Flu Vaccinations FAQs
Our employee flu vaccination programs are a great way to ensure that your team are fit and healthy all year round
Healthworks has been helping businesses improve their employees’ health and productivity for more than 30 years.
With the best customer service in the industry matched by the most competitive prices, and with a rock-solid reputation as the leader in onsite corporate wellness, you can trust Healthworks to deliver an expert onsite flu vaccination service.
2020 Flu Update
We regret to announce, that due to the current unprecedented demand and world-wide shortage of the influenza vaccine, we are unfortunately no longer able to accept registrations for flu vaccinations at this stage.
If you would like to be kept up to date on the availability of flu vaccines as the flu season progresses, please click on the button below and register your details. Should additional vaccines become available, we will inform all interested parties.
What is influenza?
Influenza, commonly called “the flu”, is a contagious disease caused by a virus which spreads easily from person to person. Compared with other viral respiratory infections such as the common cold, influenza infection can cause severe illness and can also precipitate serious and life-threatening complications. Influenza viruses infect many parts of the body, including the nose, throat and lungs. Influenza symptoms include fever, cough, sore throat, fatigue, muscle aches, headaches, runny nose and watery eyes. Although the fever and body aches usually last for 3 – 5 days, coughing and fatigue can persist for two weeks or more.
3 things you might not know about the flu shot!
- There is no live virus in the flu shot
- The composition of the vaccine changes every year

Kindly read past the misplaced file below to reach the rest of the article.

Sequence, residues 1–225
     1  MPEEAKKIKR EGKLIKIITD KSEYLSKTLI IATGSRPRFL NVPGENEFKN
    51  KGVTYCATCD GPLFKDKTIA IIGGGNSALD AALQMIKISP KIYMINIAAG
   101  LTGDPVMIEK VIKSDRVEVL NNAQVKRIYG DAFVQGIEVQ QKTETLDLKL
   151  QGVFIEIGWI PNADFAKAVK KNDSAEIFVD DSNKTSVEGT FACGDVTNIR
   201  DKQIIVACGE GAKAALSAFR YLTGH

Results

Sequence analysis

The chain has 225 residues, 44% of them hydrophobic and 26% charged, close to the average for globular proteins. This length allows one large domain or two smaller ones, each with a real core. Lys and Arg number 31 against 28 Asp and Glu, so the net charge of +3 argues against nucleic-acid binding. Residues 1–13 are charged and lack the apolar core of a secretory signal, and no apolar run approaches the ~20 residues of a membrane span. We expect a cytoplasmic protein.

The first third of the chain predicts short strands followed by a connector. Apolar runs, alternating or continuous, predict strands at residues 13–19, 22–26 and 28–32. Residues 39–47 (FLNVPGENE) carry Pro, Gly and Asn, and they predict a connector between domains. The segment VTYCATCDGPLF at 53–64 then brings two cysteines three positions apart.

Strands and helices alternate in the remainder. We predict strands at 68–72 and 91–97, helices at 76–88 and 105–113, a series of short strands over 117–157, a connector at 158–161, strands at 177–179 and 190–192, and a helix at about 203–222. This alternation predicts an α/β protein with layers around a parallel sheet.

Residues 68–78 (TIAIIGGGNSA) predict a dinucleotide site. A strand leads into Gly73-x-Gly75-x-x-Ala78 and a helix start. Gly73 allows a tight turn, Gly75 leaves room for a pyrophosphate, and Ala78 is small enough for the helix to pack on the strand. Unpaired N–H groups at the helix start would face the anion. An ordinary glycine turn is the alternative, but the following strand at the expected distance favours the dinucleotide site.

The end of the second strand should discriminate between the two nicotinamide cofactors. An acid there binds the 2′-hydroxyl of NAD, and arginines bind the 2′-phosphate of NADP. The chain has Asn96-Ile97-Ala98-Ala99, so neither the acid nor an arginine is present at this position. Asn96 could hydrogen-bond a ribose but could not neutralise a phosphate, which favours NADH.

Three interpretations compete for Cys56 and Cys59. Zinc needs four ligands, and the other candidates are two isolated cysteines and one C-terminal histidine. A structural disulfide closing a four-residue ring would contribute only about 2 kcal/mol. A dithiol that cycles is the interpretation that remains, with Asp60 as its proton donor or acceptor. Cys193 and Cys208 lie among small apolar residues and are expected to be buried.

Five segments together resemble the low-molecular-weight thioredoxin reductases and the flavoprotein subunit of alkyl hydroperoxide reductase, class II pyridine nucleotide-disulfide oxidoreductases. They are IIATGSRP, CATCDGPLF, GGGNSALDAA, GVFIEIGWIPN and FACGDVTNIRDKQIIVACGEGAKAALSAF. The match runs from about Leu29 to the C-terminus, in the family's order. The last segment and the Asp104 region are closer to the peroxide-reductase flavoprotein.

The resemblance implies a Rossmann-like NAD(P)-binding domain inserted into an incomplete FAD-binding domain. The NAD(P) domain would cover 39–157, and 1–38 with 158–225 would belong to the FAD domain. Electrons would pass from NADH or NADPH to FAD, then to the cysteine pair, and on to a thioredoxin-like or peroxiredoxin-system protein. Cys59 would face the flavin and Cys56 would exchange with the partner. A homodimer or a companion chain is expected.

- The flu shot is safe for pregnant women at all stages
of their pregnancy
Why do I need to get vaccinated against the flu every year?
There are two main reasons for getting a yearly flu vaccine:
- Flu viruses are frequently changing and vaccines may
be updated from one season to the next to protect
against the most recent and common circulating
- A person’s immune protection from influenza
vaccination declines over time and annual vaccination
2020 Influenza Vaccination Strain
Each year the World Health Organization (WHO) puts forward it recommendations for the composition of influenza virus for us in the Southern Hemisphere influenza season. In 2020 there are due to be three changes to the Quadrivalent vaccine offered in 2019. The 2020 southern hemisphere influenza season contain the following:
- an A/Brisbane/02/2018 (H1N1)pdm09-like virus
- an A/South Australia/34/2019 (H3N2)-like virus
- a B/Washington/02/2019-like (B/Victoria lineage) virus
- a B/Phuket/3073/2013-like (B/Yamagata lineage) virus
This represents 3 changes to the 2019 Southern Hemisphere influenza strain.
What are the possible side effects from the flu shot?
Common side effects following seasonal flu vaccination include soreness, fever, redness, pain and swelling at the injection site, vomiting and malaise. Theses side effects are usually mild and resolve within a few days, usually quickly without any treatment. Generally, reactions may occur within a few hours following vaccination and may last 1 to 2 days. Allergic reactions are uncommon after vaccination, but can
be severe in some people. These reactions are due to an allergy to egg protein or to other components of the vaccine, including the antibiotics neomycin and polymyxin, which are in the vaccine in small amounts. Some severe allergic reactions can happen within 15 minutes. That is why it is important to wait in the allocated area for 15 minutes after being vaccinated.